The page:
Good riddance to April 2020, which may well ultimately rank as one of the worst months for the global economy… ever. Amid the near total lockdown of North America, as well as much of Europe and still big parts of Asia, the economic damage will be staggering. The specifics on that are just now beginning to trickle in, with the U.S. manufacturing production ISM dropping to 27.5 in the month, auto sales plunging to around a third of the pre-virus trend of 17 million, and 28 million Americans filing jobless claims in the past six weeks alone. Globally, Korea reported a 24% y/y drop in exports last month, while Europe continues to struggle after a wave of double-digit GDP declines in Q1 across the continent.
Yet, financial markets are famously forward-looking, and even as the global economy was writhing, equities were thriving last month. The S&P 500 managed to rebound 12.7% in April, its best month since January 1987, while the broader MSCI world index popped 10.5%. This brought the global index 27% above its March lows, but left it down 16% from the February peak. Notably, the TSX was heading for its sixth consecutive weekly gain by mid-Friday, even with a late-week stumble.
Markets generally took a pause after the furious April rally, perhaps on a sense that things had come too far, too fast—the S&P 500, for instance, had climbed all the way back to year-ago levels by Wednesday. While enthused by some positive results on Gilead’s anti-viral drug Remdesivir, investors were also cooled by some cautionary guidance by key tech companies as well as the dawning realization that the road to recovery remains long and difficult. For example, the latest Blue Chip survey of professional forecasters found that 76% believe that the economic bottom will be in April (and 16% in May); and yet, the consensus view is that the recession will last 6 months, which would take us into the end of the summer.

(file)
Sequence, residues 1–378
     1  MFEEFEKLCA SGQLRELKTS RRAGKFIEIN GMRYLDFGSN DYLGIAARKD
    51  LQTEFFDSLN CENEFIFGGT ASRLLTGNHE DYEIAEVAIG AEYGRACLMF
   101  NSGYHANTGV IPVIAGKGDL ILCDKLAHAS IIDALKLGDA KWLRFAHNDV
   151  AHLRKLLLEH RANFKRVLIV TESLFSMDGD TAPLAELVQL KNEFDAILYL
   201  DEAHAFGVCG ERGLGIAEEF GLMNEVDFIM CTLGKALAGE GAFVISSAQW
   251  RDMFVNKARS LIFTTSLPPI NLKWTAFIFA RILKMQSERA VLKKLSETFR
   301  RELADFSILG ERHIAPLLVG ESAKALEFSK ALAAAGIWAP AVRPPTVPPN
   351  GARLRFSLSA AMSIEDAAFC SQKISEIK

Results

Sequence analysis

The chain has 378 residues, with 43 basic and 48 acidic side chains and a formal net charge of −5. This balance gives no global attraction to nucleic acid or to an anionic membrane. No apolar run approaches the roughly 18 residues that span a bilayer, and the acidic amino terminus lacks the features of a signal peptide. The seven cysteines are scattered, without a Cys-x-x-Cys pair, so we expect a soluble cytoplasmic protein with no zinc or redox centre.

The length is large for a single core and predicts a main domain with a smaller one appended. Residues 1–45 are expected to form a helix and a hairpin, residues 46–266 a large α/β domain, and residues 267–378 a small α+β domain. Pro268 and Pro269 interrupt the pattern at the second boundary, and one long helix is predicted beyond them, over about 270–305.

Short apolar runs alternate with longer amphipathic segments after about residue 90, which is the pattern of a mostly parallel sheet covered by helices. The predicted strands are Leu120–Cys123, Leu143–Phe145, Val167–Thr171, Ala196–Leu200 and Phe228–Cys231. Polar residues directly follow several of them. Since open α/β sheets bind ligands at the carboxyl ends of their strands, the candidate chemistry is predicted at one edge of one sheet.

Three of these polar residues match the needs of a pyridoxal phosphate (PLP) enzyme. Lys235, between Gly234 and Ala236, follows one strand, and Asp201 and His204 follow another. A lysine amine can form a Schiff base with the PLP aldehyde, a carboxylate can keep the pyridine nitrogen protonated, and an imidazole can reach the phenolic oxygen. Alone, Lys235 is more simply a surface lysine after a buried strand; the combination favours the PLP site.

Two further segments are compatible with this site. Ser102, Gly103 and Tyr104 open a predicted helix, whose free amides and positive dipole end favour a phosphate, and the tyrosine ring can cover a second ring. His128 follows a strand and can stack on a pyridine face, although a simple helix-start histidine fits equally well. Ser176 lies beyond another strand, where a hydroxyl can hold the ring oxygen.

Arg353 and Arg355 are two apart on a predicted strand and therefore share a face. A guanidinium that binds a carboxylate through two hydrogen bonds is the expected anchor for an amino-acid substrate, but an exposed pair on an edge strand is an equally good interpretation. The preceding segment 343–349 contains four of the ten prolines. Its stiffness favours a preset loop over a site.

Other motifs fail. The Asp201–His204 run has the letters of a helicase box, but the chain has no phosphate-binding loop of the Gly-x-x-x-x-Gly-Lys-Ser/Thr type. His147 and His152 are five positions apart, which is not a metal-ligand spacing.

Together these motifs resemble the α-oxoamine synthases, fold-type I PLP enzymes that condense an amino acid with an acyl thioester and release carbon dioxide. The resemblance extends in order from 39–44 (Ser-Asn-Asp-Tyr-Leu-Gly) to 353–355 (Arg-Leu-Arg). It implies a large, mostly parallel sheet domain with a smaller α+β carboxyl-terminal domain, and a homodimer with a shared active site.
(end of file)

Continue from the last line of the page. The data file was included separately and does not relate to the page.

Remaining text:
Adding another twist to market sentiment was President Trump’s musings about new possible tariffs on China (in his words, as punishment for their handling of COVID-19). One of the rare positives for the outlook early this year was the temporary truce on the U.S./China trade war. Harkening back to the good old days of last year, the trade battle had been the biggest single issue for the global economy, so the better tone on that front had brightened growth prospects considerably. Suffice it to say, any new threat to that separate peace is the last thing a troubled global economy needs at this point.